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Teachers, students face stress

TIME BOMBS: Keep your eyes open for the mentally sick in our midst

A NEW test will be introduced for applicants to teachers' training colleges, the Education Ministry announced on Monday.

The assessment will gauge whether they have the mental resilience to be teachers in today's fast-paced, everything-now world.

Will they continue to have both oars in the water when under extreme pressure and emotional distress?

Students these days are, after all, capable of driving anyone, even the most serene embodiments of control, over the edge.

Being ignored and heckled, or worse, attacked, assaulted and having your car set on fire do that to people.

Educators have spoken of fellow teachers who clamber over the school fence to get into school and talk to themselves. One carried a basket to school every day and filled it up with stray kittens found along the way.

But it's not just teachers that ought to be assessed. Students should be, too.

Last Saturday, a Form Five student hanged himself with his school tie at his home in Kampar.

Several days earlier, a student, believed to be suffering from stress after having to re-sit six exam papers, fell to her death from the 10th floor of a flat in Tanjung Bungah in Penang.

There have been many other suicides and suicide attempts involving students over the years.

A study not too long ago found five per cent of students to be "severely depressed".

Students exhibited a high level of stress not only during the examination period, but also throughout the year.

The number of children and teenagers seeking psychiatric treatment to deal with a range of mental disorders is on the rise.

Some patients are as young as 5. The reason -- the pressures and complexities of modern living.

Something more should be done to ease their problems, aside from the breathing exercises, prayers and sports activities proposed by a former health minister.

A more lucid suggestion involved the setting up of child psychology units in schools. The travails faced by the young these days have clearly become too complicated for school counsellors.

They are more evolved than their predecessors, having been exposed to cable television, YouTube and Miley Cyrus.

Those in authority to handle them need to be armed with the requisite skills to understand why they behave the way they do and determine what needs to be done.

Others that need to be on mental health watch are mothers and fathers, especially those saddled with debt and trying to eke out a living in an apathetic and inhospitable city.

The burden of childcare, finances and unsupportive spouses has caused some to spiral into depression with devastating consequences -- there is always a direct correlation between child neglect and abuse, and a sick mind.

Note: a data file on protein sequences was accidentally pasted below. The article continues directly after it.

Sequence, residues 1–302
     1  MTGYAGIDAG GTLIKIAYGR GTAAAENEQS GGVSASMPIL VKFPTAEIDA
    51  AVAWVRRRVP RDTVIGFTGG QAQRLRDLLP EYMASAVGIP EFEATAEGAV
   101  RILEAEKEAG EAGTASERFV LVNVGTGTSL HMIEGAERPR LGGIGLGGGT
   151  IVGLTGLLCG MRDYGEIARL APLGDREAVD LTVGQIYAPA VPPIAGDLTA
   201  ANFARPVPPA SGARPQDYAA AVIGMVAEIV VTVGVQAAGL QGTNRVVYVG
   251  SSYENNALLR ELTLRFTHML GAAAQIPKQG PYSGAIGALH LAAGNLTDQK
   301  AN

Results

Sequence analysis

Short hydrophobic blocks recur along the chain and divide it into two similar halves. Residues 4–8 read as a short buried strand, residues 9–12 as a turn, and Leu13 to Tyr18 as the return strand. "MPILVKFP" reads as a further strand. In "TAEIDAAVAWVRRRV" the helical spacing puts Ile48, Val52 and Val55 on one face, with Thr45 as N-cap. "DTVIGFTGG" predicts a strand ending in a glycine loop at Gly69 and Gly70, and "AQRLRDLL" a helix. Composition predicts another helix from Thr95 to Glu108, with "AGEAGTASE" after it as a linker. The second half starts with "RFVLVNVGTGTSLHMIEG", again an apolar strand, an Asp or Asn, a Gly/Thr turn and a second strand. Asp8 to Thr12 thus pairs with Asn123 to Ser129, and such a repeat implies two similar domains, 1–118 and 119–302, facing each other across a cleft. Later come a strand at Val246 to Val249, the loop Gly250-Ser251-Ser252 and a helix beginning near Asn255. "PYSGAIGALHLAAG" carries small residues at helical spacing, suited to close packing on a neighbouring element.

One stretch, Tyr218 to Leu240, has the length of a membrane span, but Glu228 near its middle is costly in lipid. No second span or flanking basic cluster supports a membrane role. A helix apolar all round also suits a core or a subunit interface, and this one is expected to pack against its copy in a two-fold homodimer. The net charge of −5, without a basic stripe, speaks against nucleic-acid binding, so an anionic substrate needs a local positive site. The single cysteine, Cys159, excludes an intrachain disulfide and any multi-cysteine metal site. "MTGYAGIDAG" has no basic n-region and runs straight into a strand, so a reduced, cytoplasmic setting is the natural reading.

This is a matter of concern as there have been a number of child abuse cases recently, the latest involving a 5-year-old girl who died last week after being allegedly abused by her mother.

There are also those who opine that most of the social media population are of unsound mind, going by their posts on Facebook, Twitter, blogs and elsewhere.

There are the attention seekers whose misplaced bravado had sparked a maelstrom of controversy within and outside the country. Exhibitionism, according to the Encyclopedia of Mental Disorders, is an illness.

According to a Canadian mental health expert, taking lots of pictures of food can indicate health or mental problems, too. That would make most of us mentally ill.

But, ultimately, those afflicted with mental illness need not necessarily fit neatly in the aforementioned categories. Based on recent statistics, 1.35 million Malaysians suffer from mental health-related problems, including schizophrenia, mood effective disorders and mood defensive disorders.

Cases of former mental patients, or even those still institutionalised, running amok and inflicting grievous bodily harm on others are not new. Some have even killed -- their victims the unfortunate souls who just happened to be at the wrong place at the wrong time.

While we wait for the establishment of more mental health clinics and other intervention programmes, we can do our part by keeping our ears out and eyes open for those mentally sick in our midst. If the one that is on the verge of emotional combustion is you, don't be leery about coming forward to seek treatment.



Chok Suat Ling sling@nst.com.my is New Sunday Times editor. New Straits Times Columnists 05 September 2013
Tags: stress, students, teachers
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